April 3, 2008
On March 19, 2008, extremist Osama bin Laden released a tape on a militant website that carries al-Qaida statements. Bin Laden was pictured with an assault rifle as he announced his latest denunciation of the West. This time, he accused Pope Benedict XVI of helping in a "new Crusade" against Islam. His words are a sobering reminder that the misunderstandings, prejudice, hatred and violence that lead to death are still a part of our world.
Bin Laden’s message was in stark contrast to the memory of Christ that Christians were celebrating during Holy Week. Christ’s response to violence was non-violence. He taught his disciples to turn the other cheek when someone strikes them. He himself set the example in the events of his own passion and death.
Neither the Enlightenment nor modern science has exorcized evil from the human heart. Greed coupled with dishonesty continues to place an ever-increasing chasm between the wealthy and the poor. Hard-working, honest individuals who seek a better quality of life for their families are not always welcome among us. They face racial and cultural prejudice. Religion itself is demonized. Sin exists!
At the same time that bin Laden was publicly spewing his venom against the alleged sins of others, many Catholics were quietly slipping into the confessional during Holy Week to admit their own sins. In the secrecy of the sacrament, they acknowledged the prejudice, the anger, the violence, the greed and selfishness of their own lives. They recognized that the starting point for a better world is their own heart.
In our Cathedral in Paterson, four priests heard confessions every night during Holy Week for more than five hours. In one of our Polish parishes in Passaic,
twenty-five priests heard confessions for more than four hours on Wednesday of Holy Week. In one Morris county parish located in the center of a business district, the parish not only had two crowded penance services with many individual confessions, but one priest heard confessions every afternoon for more than an hour and the other priest heard confessions every evening for more than two hours every day during Lent. People came from all over to avail themselves of the grace of reconciliation.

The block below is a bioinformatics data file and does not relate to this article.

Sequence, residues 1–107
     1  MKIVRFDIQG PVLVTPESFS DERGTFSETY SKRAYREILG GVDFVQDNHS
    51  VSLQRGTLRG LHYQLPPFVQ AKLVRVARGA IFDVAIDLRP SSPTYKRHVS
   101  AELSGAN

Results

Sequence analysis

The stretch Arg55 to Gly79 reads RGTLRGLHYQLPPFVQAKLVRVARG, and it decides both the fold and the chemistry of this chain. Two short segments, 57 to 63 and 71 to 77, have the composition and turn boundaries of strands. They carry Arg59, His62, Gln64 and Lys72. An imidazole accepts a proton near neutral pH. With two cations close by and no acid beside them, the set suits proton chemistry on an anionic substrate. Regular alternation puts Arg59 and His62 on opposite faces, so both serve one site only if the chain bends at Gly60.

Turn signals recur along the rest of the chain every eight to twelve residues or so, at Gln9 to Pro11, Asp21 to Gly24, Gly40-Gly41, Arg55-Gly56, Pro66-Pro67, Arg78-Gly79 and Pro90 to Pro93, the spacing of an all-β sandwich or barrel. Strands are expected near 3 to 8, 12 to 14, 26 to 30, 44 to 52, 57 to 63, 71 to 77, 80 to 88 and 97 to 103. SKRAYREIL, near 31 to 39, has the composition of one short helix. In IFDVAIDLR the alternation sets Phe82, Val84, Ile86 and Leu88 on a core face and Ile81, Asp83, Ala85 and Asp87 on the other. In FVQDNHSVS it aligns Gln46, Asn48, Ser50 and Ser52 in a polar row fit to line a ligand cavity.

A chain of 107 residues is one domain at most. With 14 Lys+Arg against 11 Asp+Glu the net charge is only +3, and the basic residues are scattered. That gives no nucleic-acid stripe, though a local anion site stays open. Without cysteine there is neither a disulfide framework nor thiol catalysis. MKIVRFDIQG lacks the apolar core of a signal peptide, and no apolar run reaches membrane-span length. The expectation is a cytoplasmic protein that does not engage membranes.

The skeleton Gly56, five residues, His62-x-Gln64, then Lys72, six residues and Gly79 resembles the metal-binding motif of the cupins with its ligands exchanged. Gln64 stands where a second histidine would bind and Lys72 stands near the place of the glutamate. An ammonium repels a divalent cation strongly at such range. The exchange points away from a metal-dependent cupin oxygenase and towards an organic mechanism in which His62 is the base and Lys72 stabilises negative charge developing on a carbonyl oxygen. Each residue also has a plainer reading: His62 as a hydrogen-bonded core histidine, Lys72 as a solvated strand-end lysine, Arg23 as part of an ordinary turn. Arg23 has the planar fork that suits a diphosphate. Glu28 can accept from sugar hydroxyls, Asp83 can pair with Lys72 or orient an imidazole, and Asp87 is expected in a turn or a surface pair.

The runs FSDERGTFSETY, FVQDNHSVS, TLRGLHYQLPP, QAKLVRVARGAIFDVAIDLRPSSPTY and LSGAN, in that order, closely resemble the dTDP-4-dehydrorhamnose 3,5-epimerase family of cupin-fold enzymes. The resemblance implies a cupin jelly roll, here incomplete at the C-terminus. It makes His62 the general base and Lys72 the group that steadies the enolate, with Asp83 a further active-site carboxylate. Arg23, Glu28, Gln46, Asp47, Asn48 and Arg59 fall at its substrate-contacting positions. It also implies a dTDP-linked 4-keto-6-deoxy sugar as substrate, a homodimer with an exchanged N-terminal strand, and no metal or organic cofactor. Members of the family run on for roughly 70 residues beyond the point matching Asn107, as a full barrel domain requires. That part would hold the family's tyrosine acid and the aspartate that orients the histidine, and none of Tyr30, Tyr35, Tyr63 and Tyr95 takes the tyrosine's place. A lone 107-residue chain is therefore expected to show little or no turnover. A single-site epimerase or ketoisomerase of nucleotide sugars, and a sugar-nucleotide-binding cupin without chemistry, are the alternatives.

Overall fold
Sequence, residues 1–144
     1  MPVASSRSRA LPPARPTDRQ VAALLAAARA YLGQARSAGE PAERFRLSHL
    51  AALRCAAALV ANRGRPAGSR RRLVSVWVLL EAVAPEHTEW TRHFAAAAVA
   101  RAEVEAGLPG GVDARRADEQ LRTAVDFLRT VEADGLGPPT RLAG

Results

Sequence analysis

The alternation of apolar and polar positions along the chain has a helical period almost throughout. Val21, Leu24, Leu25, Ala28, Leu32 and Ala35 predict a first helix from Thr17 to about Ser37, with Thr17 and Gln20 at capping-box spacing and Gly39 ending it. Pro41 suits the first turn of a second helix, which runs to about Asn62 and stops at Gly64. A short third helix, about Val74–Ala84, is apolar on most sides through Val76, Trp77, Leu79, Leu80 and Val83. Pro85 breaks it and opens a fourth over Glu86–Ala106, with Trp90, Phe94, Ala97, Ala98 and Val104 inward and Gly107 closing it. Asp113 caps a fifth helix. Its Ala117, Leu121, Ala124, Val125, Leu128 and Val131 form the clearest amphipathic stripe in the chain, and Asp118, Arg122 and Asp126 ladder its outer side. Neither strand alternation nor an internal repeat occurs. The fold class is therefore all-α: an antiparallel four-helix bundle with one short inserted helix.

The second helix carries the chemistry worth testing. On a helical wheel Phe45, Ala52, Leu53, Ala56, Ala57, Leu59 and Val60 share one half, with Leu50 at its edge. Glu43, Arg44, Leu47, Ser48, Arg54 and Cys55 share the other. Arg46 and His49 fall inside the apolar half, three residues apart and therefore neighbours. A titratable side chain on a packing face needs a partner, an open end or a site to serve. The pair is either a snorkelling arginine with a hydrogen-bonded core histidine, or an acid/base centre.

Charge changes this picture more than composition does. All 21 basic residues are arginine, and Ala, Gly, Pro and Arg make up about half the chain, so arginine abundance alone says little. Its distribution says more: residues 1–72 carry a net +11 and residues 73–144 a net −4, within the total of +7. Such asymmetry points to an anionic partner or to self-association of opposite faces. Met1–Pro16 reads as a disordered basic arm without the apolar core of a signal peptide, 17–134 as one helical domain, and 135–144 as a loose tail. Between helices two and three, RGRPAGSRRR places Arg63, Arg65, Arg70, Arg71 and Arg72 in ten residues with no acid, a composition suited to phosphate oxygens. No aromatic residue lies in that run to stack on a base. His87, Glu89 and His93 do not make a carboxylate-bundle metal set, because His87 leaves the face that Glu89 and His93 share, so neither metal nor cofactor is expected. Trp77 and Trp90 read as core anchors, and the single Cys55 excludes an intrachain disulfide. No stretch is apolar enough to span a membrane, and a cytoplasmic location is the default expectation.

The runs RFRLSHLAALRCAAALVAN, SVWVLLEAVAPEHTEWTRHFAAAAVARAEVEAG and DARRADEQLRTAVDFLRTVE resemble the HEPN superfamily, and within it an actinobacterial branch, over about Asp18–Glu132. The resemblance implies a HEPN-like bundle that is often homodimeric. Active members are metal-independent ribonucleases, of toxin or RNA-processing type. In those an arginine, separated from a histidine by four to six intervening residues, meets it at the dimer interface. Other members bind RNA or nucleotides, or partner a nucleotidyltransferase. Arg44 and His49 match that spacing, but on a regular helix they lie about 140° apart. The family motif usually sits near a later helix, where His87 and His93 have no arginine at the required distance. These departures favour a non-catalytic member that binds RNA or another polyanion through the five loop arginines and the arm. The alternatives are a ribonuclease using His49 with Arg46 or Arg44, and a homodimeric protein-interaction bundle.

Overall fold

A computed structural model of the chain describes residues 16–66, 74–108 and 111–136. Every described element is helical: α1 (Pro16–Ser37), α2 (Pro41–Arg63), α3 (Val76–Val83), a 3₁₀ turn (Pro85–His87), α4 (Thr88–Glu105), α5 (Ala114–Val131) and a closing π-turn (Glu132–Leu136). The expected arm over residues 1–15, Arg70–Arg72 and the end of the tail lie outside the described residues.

Pius XII once lamented that "the sin of the century is the loss of the sense of sin" (Radio
Message to the U.S. National Catechetical Congress in Boston, October 26, 1946). His words have become proverbial. Many people do not recognize the reality of sin in themselves.
“Sin is the breaking off of one's filial relationship to God in order to situate one's life outside of obedience to him…To sin is…to live as if he did not exist, to eliminate him from one's daily life” (Pope John Paul II, R
econciliation and Penance, 18). However, when we acknowledge our own sin, we acknowledge our accountability before God. We open ourselves to God who can give us a new heart and empower us to love as Jesus taught.
Only God forgives sins. Since Jesus is true God and true man, he says of himself, "The Son of man has authority on earth to forgive sins" (Mt 9:6). On Easter Sunday night, the Risen Lord offered the gift of forgiveness to his unfaithful disciples. He made them bearers of his forgiveness to others (cf. Jn 20:19-31).
What a great gift the priests in our diocese offer to others in giving time to hear confessions. In making the Sacrament of Reconciliation more available to people, they generously provide a graced moment to encounter the Risen Lord. So many people welcome the opportunity. In the midst of the sin that infects our society, this is an unmistakable sign of the desire of good people to be rid of evil within them, to heal the wounds that hurt others and to work toward a society where the inherent goodness of every person is embraced.
To the faithful who recoil at repeated shouts of those who incite to violence, the Church offers through her priests the word of Jesus that gives peace to the human heart. Through individuals with hearts created anew in the Sacrament of Reconciliation, the Church brings peace to the world.
This is the first of two articles on the Easter gift of Reconciliation.